Scientific interest in the mystical experience was broadened with the research on psychoactive drugs. The popular belief was that such drugs mimicked either mystical states and/or schizophrenic ones (reviewed in Lukoff, Zanger & Lu, 1990). Although there is likely some physiological similarity as well as phenomenological recent work has shown clear differences. For instance, Oxman, Rosenberg, Schnurr, Tucker and Gala (1988) analyzed 66 autobiographical accounts of schizophrenia, hallucinogenic drug experiences, and mystical ecstasy as well as 28 control accounts of important personal experiences. They concluded that the: "subjective experiences of schizophrenia, hallucinogenic drug-induced states, and mystical ecstasy are more different from one another than alike" (p. 401).

(Ibid) "Relatedly, Caird (1987) found no relationship between reported mystical experience and neuroticism, psychoticism and lying while Spanos and Moretti (1988) found no relationship between a measure of mystical experience and psychopathology.[7]
Cline asserts the validity of claims such as those made by Michael Presinger who claims to have produced genuine mystical experience by stimulating brain cells.

Dr. Michael Persinger in Canada can produce mystical visions in people with a mechanical device and what people see is heavily influenced even just by the sort of things he has in his office. When he plays music with an Eastern theme, people tend to have Buddhist-type visions. When he hangs crucifixes in the room and plays Christian chants, people have Christian-type visions.
Such claims are exploded by Philosopher John Hick who points out that such researchers use no control to establish the basis of a mystical experience. Thus they are just assuming that anything to do with God is a  real mystical experience. I draw upon the research of Hick and discuss this more fully in chapter six (6) of the Trace of God. [8] Cline asserts that "because there are possible physical and natural explanations for these mystical experiences, and because they can actually be produced at will in very natural ways, it becomes incumbent upon the supporter of mysticism to help us differentiate between the naturally induced experiences and those which allegedly have a supernatural origin." It is possible that the chain of causation stops with the brain chemistry, but it's not likely. That's what the tie breakers are for in chapter seven (7). They show why it's not reasonable to just assume that brain chemistry is the final cause of the experience. It could just as easily be part of God's delivery system that  created into humanity so we can find the Trace of his presence. The tie bakers show why it's more reasonable to think that this is the case. One hint, why is teh experience always positive? How did nature arrange to have a life transforming accident that has no long term debilitating draw backs?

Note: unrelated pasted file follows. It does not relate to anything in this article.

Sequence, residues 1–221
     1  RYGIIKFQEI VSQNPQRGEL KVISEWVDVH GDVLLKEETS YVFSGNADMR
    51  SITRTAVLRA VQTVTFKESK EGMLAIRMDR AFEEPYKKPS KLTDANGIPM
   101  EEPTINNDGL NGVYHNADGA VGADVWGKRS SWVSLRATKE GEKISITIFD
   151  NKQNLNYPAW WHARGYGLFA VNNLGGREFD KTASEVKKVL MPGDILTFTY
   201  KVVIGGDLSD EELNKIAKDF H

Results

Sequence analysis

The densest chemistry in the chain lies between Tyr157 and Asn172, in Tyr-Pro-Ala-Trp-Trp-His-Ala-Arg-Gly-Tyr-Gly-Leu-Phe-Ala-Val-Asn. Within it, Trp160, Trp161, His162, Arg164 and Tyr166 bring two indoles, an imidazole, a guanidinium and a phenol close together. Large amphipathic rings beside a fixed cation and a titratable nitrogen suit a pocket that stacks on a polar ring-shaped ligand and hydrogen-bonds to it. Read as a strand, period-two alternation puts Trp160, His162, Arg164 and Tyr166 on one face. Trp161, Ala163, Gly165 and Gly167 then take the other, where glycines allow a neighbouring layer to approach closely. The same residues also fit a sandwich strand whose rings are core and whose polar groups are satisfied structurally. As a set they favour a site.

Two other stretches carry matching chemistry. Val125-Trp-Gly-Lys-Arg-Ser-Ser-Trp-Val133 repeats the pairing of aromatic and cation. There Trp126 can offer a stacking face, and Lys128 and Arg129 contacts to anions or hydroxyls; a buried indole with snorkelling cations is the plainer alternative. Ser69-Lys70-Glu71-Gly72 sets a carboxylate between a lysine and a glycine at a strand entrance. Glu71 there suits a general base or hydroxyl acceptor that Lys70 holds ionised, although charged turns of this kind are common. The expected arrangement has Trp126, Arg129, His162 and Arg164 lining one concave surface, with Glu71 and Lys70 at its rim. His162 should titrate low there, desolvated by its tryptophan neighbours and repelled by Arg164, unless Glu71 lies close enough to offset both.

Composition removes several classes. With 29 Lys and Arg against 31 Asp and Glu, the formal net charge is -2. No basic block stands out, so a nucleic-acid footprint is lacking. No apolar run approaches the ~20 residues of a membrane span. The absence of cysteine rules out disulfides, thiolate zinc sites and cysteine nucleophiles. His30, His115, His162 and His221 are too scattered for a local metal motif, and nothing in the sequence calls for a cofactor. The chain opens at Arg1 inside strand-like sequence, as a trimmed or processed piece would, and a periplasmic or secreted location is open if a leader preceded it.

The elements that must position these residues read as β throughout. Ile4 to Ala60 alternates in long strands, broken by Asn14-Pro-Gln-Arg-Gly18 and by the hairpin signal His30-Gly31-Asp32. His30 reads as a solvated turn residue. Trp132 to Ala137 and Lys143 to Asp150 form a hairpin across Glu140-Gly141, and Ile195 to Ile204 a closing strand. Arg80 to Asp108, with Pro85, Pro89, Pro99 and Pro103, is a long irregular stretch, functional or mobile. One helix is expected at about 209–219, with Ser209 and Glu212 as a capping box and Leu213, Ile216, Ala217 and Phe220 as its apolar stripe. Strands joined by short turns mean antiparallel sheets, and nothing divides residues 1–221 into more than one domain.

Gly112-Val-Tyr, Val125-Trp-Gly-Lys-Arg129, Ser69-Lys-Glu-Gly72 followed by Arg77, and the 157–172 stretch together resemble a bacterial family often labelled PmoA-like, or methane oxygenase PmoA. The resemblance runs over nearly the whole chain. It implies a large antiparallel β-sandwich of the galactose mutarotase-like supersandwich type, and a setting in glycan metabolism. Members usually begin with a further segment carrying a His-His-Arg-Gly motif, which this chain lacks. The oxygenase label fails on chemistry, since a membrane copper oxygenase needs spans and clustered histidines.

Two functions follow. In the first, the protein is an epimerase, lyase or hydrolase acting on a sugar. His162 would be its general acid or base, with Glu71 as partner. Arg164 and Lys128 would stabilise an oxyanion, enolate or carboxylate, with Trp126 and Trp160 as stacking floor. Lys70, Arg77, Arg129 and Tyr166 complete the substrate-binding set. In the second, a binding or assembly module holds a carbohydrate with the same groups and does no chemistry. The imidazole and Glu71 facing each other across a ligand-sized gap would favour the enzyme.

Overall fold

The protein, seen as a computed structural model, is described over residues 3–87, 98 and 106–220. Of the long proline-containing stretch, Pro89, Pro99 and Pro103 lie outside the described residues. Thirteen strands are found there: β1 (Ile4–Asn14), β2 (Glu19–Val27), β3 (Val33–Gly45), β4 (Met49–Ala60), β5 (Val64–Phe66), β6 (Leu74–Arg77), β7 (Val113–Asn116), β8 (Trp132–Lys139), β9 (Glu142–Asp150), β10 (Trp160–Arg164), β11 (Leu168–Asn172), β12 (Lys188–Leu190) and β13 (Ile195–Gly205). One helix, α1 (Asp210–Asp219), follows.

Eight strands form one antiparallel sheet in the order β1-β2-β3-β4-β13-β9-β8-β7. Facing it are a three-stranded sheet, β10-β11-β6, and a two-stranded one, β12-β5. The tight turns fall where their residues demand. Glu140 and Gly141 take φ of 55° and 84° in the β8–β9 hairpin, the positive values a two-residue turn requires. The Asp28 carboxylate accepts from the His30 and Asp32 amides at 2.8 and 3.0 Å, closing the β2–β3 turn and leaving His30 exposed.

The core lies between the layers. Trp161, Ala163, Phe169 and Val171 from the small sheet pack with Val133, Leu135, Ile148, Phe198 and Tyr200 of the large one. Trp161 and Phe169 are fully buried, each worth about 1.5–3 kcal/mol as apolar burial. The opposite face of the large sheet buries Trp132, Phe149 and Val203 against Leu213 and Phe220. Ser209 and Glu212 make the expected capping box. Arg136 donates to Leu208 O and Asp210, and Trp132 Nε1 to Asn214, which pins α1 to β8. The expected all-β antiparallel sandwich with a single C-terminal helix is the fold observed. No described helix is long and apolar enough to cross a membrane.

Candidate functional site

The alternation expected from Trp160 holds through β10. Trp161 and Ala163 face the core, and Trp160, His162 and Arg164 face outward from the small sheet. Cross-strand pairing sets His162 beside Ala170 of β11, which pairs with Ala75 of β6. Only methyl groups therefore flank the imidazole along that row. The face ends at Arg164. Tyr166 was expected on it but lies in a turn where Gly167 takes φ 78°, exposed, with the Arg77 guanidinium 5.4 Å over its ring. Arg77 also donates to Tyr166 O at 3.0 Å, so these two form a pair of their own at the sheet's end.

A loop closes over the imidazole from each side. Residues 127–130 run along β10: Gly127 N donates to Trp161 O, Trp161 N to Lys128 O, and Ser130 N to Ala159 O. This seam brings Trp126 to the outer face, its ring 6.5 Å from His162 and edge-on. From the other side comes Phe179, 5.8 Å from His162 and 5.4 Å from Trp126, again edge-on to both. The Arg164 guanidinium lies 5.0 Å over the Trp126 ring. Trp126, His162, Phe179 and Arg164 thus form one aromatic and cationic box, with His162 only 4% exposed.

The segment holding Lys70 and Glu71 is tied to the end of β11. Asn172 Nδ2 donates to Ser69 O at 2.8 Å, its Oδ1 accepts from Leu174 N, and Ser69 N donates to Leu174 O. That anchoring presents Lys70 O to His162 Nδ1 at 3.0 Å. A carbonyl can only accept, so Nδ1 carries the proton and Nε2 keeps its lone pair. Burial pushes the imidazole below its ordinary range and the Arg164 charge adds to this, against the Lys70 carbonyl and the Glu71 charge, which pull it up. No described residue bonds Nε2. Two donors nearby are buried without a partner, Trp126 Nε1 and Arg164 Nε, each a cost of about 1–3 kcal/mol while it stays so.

Part 2 of Cline's argument

One curious issue with the claim that mystics' experiences of God provide good reasons to believe that God really exists is the question of just how a person can claim to recognize God. What arguments or evidence, without resorting to question begging, can a person use to claim that whatever they experienced is necessarily that of the god they believe in?
Perceptual recognition is something which can merit skepticism even in mundane matters we encounter in everyday life. Consider how easy it can be to make an error in recognition when it comes to the voices or faces or writing styles of people we know very well - but how would we "know" the voice or face or speaking style of "god"?
Michael Martin offers the example of someone claiming to have spoken on the phone with a person who seemed to be the strongest man of County Cork. How on earth could such an identification be made merely on the basis of a voice? Perhaps if the person was an expert on Irish accents at least a small part of the claim could be justified - but only a very small part.
These same problems occur with the claims made that someone has spoken with God or even just "experienced" God. This claim cannot be taken at face value: we need to know what part of this experience justifies the conclusion that it involved "God" - with all of the qualities and attributes alleged for this god, like omniscience, omnipotence, omnibenevolence, etc. - and not an experience of something else, even if it is another supernatural being.
 This could be a good argued if used by someone who understands the concept of mystical experience. In making the argument Cline demonstrates his ignorance. Again he's thinking of it like metting a person, he's reducing God to the level of a thing in creation.  First of as said before, mystical experience is a step up to a higher level of consciousness, it is not like meeting a stranger at a bus stop. It's the big light bulb where you suddenly understand what it's all about. It is beyound words, thoughts or images. It's not "someone has spoken with God;" it's not like speaking with another person. It's like suddenly understanding the meaning of everything.

Here is an example of a mystical experience described by a blogger (Wordgazer) in her review of my book. It's much like an experince described in the book:

I was standing in our tiny back yard behind the kitchen door, under a sky filled with stars. I think it was about 10 or 11 pm.  I was alone. For some reason more stars were showing than usual; maybe some of the street lights were out.  It was very quiet.